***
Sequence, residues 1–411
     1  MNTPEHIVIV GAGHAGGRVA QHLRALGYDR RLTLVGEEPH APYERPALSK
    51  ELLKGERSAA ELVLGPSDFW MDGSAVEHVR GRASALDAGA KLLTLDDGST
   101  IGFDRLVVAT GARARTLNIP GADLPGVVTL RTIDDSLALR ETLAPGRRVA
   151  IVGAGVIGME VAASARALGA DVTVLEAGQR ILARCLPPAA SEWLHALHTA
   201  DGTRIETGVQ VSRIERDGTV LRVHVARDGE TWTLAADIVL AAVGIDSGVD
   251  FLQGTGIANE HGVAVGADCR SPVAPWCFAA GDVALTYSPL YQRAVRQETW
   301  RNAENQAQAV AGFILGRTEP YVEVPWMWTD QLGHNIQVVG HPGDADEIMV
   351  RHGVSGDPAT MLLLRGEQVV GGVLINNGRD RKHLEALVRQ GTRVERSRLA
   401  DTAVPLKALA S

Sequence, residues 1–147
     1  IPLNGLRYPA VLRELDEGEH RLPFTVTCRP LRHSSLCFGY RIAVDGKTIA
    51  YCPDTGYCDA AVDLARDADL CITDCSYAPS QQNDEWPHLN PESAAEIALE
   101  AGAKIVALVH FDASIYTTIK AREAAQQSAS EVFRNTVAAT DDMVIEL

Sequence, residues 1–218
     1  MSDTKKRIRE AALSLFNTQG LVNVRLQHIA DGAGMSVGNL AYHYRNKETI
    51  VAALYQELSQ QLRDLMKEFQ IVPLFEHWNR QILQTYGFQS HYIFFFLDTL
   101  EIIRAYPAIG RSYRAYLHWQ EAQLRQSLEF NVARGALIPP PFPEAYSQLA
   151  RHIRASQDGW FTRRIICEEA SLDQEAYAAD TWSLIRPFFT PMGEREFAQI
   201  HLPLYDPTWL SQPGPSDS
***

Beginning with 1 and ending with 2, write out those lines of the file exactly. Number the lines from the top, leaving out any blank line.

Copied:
Sequence, residues 1–411
     1  MNTPEHIVIV GAGHAGGRVA QHLRALGYDR RLTLVGEEPH APYERPALSK